AT Spac's VS03 rocket at Southern Launch's Whalers Way launch site. The rocket launch was scrubbed last year, but AT Space has plans to try again with another rocket later this year. Credit: Southern Launch
t’s supposed to be a demonstration of Australia’s sovereign ability to build its own missiles, but a new rocket taking shape in a suburban Adelaide workshop is changing its target towards a more profitable outcome.
Southern Launch is in the final stages of assembling two as-yet-unnamed prototypes for Thales Australia as part of a project initiated under the previous Federal Government’s Advanced Rocket Motor Technology Demonstrator (ARMTD) Program.
The Adelaide-based startup teamed with the global French multinational defence aerospace conglomerate and the Federal Government’s Defence, Science and Technology Group (DST) to produce an Australian-made, “military relevant” hypersonic rocket.
The motor is being built by Australia’s sovereign munition manufacturing facility at Mulwala in regional New South Wales.
Southern Launch is designing, building and testing the two rocket frames at its Hindmarsh facility. It’s also responsible for modelling flight dynamics and designing avionics systems.
“This is some interesting stuff,” Chief Executive Officer Lloyd Damp told Cosmos Weekly on a recent tour of the Southern Launch workshop at Hindmarsh. “We’ve had to design and develop ourselves ways to manufacture these vehicles, because you can’t just go out there, get a bit of poly pipe and turn it into a rocket.”
“You can’t just go out there, get a bit of poly pipe and turn it into a rocket.”Lloyd Damp
And the bent-controlled surfaces and frayed composites sitting on various shelves point to the need to test every component to its breaking point. That – and the experience gained from preparing its South Australian launch sites over the past couple of years – has emphasised the need for just such a commercial service, he adds.
“We’ve subsequently recognised there’s a much greater demand for this type of rocket than we expected,” Damp says. “What we’re doing now is developing a variant for the research and development market.”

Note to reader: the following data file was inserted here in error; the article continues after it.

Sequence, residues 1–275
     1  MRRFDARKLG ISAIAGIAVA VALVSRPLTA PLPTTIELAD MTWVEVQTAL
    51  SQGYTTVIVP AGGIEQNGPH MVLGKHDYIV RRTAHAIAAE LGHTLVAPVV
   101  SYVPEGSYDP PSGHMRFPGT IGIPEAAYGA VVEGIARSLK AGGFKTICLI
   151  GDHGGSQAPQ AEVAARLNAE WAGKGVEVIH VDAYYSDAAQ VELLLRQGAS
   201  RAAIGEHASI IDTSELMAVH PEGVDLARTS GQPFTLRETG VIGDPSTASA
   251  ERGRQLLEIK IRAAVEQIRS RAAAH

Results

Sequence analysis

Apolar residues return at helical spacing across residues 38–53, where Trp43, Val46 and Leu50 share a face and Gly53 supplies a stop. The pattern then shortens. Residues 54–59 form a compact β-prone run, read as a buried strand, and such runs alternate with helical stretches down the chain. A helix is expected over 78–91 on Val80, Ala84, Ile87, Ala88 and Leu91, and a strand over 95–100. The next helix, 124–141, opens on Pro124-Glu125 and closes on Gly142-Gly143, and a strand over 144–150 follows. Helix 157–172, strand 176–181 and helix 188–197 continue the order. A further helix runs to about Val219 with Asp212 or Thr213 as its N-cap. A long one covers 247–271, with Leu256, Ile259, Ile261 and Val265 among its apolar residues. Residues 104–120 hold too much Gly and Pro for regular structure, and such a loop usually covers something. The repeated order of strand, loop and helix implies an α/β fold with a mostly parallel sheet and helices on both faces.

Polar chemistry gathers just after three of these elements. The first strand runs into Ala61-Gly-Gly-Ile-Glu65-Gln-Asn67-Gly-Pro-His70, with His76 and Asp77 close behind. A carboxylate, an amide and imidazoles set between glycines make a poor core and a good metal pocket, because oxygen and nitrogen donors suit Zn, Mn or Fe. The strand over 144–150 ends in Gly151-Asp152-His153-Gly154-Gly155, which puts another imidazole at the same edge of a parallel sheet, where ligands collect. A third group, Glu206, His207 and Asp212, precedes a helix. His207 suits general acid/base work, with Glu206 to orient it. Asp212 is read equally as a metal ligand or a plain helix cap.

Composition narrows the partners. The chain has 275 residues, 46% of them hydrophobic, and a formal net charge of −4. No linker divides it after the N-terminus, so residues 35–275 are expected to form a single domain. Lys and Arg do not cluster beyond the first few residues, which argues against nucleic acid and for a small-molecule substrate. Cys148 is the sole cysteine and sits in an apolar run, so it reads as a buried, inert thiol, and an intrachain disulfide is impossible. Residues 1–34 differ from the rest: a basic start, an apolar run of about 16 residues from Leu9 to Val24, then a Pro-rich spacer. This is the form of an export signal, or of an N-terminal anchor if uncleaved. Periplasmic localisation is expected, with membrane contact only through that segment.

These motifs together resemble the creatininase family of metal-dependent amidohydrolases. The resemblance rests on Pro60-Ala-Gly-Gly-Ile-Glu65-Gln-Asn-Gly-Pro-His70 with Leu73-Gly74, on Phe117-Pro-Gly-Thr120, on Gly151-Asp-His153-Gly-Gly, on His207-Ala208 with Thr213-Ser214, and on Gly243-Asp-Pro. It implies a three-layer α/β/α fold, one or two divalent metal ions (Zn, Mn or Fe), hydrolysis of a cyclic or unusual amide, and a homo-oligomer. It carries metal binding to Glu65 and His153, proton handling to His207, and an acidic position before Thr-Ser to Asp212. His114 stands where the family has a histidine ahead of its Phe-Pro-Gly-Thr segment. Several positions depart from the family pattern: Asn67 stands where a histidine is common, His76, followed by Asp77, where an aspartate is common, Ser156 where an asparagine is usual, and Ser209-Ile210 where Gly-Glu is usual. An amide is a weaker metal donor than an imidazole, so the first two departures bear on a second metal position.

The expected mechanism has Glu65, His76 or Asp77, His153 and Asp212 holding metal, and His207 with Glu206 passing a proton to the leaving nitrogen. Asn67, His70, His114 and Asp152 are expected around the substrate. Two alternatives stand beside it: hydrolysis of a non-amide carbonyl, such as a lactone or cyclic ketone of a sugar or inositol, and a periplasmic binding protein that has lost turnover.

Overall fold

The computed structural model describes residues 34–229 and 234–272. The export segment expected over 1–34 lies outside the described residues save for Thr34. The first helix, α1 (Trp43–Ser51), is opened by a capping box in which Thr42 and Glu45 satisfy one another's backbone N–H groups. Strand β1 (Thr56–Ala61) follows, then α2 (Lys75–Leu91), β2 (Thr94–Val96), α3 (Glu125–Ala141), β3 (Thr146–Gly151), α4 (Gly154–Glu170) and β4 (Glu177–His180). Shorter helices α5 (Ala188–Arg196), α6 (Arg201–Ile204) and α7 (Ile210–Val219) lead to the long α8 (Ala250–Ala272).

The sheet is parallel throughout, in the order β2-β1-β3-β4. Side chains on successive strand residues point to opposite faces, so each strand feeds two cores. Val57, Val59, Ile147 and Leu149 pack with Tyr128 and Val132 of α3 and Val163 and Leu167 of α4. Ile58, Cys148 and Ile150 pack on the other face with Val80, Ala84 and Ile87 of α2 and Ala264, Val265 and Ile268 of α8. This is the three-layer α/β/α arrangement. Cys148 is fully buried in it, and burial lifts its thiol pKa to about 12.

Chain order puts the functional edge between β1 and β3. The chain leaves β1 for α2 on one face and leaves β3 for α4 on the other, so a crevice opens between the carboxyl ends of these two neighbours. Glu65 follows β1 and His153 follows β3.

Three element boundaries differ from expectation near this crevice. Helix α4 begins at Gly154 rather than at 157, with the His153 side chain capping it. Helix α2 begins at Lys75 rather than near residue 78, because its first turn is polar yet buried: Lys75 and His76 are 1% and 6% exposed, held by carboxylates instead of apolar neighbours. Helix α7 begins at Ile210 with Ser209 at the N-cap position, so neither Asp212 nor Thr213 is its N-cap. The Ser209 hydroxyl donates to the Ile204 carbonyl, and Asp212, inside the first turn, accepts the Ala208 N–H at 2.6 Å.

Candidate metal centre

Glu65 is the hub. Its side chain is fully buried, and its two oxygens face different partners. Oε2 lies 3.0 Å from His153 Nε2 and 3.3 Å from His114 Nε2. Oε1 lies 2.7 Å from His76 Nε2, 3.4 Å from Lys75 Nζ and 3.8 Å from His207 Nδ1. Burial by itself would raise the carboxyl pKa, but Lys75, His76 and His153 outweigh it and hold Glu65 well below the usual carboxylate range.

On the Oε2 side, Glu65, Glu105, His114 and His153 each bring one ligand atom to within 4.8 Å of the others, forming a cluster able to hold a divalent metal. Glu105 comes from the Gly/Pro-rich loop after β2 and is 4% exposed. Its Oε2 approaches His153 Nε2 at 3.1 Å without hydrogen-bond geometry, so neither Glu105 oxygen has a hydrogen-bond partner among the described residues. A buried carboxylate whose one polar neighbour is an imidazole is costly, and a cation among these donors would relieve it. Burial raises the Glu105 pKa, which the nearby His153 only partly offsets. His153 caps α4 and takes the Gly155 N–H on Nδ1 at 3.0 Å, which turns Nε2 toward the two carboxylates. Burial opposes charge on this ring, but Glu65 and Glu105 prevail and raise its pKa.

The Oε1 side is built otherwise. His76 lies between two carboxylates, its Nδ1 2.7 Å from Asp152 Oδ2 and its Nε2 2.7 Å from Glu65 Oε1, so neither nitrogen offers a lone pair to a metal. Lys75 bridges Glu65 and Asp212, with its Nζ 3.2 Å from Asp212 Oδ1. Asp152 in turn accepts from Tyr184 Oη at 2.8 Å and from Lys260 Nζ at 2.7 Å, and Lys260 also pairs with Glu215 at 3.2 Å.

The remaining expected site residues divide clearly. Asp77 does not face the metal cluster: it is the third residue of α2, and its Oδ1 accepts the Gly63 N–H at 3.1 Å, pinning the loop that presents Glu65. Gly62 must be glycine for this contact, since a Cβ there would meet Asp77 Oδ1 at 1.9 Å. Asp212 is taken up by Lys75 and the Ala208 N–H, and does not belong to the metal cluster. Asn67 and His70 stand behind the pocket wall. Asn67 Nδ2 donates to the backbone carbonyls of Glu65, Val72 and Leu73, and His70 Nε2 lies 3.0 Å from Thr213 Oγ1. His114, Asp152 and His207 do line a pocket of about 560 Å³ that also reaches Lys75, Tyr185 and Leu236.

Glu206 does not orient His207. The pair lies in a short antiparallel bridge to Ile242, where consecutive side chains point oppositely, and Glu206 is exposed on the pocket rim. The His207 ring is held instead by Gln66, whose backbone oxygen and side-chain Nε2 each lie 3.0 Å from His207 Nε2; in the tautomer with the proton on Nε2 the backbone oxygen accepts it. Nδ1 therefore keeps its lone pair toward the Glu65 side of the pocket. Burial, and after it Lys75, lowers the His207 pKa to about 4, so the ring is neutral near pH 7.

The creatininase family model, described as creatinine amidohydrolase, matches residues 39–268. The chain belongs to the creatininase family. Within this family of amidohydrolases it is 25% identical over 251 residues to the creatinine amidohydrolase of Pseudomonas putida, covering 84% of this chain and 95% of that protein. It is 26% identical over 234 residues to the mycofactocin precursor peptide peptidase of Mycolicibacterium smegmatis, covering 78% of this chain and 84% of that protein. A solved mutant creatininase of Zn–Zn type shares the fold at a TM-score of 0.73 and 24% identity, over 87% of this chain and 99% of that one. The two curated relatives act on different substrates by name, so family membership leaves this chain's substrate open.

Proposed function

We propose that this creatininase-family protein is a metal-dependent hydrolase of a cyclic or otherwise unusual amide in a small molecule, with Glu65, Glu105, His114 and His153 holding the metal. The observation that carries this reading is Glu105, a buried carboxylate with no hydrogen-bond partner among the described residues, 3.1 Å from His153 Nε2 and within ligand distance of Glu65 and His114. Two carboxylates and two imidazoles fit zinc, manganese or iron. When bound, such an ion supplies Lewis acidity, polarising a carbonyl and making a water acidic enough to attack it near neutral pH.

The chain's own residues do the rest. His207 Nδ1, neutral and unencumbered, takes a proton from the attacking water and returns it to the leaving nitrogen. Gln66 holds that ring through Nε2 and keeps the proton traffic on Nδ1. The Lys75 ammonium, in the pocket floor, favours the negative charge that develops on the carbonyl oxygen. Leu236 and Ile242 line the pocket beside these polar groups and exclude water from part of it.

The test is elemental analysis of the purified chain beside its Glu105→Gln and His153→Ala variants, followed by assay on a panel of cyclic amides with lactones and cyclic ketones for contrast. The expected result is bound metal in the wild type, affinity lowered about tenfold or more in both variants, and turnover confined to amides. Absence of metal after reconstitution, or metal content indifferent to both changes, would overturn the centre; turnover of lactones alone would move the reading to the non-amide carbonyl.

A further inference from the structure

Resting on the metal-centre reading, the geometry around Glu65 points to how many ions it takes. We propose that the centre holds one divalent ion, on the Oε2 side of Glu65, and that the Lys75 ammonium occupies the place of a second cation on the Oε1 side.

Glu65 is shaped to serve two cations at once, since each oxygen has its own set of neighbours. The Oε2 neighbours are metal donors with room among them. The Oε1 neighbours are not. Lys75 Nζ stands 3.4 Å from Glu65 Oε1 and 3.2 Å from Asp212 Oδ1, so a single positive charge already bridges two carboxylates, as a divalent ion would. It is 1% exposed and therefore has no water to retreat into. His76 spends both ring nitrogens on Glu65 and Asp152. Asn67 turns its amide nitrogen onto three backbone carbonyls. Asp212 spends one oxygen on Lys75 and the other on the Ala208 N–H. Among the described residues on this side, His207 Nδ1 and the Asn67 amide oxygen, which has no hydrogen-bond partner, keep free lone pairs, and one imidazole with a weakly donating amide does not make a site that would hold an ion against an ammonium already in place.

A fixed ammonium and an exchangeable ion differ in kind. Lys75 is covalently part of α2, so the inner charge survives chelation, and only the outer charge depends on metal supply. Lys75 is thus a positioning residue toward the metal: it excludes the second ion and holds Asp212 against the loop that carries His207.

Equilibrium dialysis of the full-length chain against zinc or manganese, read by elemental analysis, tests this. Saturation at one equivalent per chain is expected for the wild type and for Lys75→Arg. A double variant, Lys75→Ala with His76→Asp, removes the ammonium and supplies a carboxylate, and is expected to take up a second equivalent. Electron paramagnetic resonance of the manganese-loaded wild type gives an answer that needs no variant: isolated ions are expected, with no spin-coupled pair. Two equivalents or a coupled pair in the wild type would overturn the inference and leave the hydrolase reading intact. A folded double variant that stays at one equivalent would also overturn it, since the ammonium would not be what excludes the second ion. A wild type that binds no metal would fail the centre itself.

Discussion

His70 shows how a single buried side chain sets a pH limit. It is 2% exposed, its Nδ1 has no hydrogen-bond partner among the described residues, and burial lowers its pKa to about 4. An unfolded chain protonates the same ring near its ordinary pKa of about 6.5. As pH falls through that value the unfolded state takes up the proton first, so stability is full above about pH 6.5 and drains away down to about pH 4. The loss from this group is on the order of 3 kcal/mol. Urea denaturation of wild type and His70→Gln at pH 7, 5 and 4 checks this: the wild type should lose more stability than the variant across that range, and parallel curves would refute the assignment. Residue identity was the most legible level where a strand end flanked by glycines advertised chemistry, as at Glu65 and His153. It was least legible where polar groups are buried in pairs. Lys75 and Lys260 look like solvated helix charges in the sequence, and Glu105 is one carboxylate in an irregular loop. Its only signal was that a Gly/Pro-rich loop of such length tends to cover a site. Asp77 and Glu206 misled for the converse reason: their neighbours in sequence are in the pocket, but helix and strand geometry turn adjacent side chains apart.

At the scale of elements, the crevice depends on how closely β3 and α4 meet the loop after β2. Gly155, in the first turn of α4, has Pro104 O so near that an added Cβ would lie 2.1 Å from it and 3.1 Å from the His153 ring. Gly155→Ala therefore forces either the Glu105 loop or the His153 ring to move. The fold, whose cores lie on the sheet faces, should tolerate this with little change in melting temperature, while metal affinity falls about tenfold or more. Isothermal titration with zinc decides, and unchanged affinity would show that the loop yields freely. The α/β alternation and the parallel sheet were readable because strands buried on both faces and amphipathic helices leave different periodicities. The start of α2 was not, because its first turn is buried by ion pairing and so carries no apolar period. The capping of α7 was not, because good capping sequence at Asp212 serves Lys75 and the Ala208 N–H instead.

What goes up…
Anything that flies to space must be certified to do so.
Flight qualifications are necessary for every component. And that can only be earned by putting those components through representative environments.
Can it survive sustained high-G acceleration? Can it cope with rapidly changing air pressure? What about extremes of temperature? Then there are all the jumps, bumps and shakes involved in the process.
That’s the job for a sounding rocket – a suborbital research vehicle.
“This vehicle will carry payloads to test different materials and bits of electronics,” says Damp. “They won’t put a satellite into orbit. But it will be a very cost-effective testbed vehicle.”
Currently, Australian space startups must run a long and expensive regulatory hurdle race to send their prototypes overseas to achieve space flight qualification.
“Over the next couple of months, we’ll be redesigning this to be more in tune with where we believe our market to be and hopefully launching them before the end of this year from the Koonibba Test Range,” says Damp.
Koonibba is about 600 kilometres west of Adelaide on the edge of the sparse Nullabor Plain.
“I really would love to get one of these up sub-obliquely – go up above 100 km and then come back down again. No Australian-designed and manufactured vehicle has done that yet.”
Damp says the Koonibba Test Range is also proving appealing to international launch companies.
It’s a long way from heavy land, sea or air traffic but is near the regional centre of Ceduna and of course has associated road, rail and airport logistics.
And there are no international borders nearby to be accidentally violated.
Downrange from the launchpad is the 145km arc of the uninhabited Yellabinna Regional Reserve, providing a safety zone covering some 10,000 square kilometres.